The importance of keeping face-to-face interaction as a digital brand


Lucy Tittle, community manager at easyCar Club, explains why digital brands need to maintain some form of human interaction with their customers.

Everything is suddenly going digital, we have online shopping, banking and now even your fridge can be connected to the internet. In fact, according to recent research from IBM, we now produce a whopping 2.5 quintillion bytes of data every day, which means 90% of the world’s data has been created in the last two years alone.

Many digital platforms and gadgets have effectively replaced the need for direct human interaction – automated customer service calls, self-service check outs. While this is great for improving efficiency and productivity, it does not always mean the customer experience is improved.

We live in a world where completely replacing human interaction on every level is not always seen as a good thing – our own research showed two-fifths (41%) of people are scared of artificial intelligence. After all, how can people trust your brand if it doesn’t have a face?

Humanising your brand

Humanisation is the key to creating the level of interaction needed by a digital brand to build a connection with a consumer. As a digital brand, it is vital you remember that if you’re going to take interaction away in one sense, you need to reintroduce it in another. That can mean directly adding a face to your brand, or indirectly ensuring that customers are connecting with one another – preferably both.

The idea is to create a relationship between you and your consumer. Nothing can be more frustrating than feeling like you are unable to reach another human being when needed.

Building relationships

The relationship between the brand and the consumer is the most important thing. Building that rapport means that your brand has a better chance of succeeding. For example, easyCar Club is a platform that facilitates transactions between car owners who aren’t always using their car and prospective renters. However, particularly as a part of the sharing economy, we also need to be a community, where like-minded individuals can come together and feel confident that they can trust each other.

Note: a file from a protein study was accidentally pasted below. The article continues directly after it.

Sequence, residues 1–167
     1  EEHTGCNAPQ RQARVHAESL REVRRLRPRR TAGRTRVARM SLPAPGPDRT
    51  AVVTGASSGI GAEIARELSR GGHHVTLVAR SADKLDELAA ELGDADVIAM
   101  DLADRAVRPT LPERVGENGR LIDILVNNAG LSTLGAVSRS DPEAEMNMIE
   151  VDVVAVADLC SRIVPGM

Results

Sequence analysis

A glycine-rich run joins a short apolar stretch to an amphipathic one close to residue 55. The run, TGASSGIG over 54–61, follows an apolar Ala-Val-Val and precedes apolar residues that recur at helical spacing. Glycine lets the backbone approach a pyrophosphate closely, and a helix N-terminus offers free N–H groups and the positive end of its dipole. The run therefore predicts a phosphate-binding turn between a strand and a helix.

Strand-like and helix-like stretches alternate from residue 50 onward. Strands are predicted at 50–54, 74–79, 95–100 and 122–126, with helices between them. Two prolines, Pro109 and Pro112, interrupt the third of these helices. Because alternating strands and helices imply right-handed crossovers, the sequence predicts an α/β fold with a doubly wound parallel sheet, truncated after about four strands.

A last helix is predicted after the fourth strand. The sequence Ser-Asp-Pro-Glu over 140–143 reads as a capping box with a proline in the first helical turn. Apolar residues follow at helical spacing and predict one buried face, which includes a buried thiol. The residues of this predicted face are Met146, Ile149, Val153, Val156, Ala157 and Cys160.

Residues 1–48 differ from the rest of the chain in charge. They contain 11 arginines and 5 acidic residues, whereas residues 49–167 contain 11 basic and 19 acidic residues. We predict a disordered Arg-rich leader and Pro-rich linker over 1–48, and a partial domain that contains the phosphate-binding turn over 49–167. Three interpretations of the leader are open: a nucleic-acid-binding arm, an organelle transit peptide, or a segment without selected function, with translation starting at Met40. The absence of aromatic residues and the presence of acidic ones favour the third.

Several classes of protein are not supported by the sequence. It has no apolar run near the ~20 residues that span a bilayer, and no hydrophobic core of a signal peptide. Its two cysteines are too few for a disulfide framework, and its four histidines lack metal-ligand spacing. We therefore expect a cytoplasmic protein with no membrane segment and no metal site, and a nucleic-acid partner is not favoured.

Other great examples include John Lewis, which has driven the ‘click & collect’ movement. Even digital giant Amazon is planning to launch physical stores.

Brands should make sure that when people look to use their platform or gadgets they should set up a personal relationship with them right from the offset. It takes time, but the investment means consumers are more likely to have a positive experience.

Don’t discount face-to-face interaction

There is certainly no denying the fact technology has helped make life that little bit easier and more convenient. However, there still seems to be a limit to how digitally interactive we can make our environment. For instance, this year Waterstones completely moved away from the e-book market and digital detox retreats have become more popular than ever as today’s consumers look to reconnect with the real world and become less reliant on digital devices. It shows a level of cautiousness about the time we spend in the digital world.

People buy into brands based on the rapport they build with it – a product or platform cannot succeed unless it can forge a meaningful relationship with the consumer; having a face and brand personality for people to connect with will help you do this.

Ultimately, without a form of face-to-face interaction, digital brands risk missing out on valuable loyalty and retention, so remember not to streamline and digitise so much to the extent that you alienate the very people you want to reach.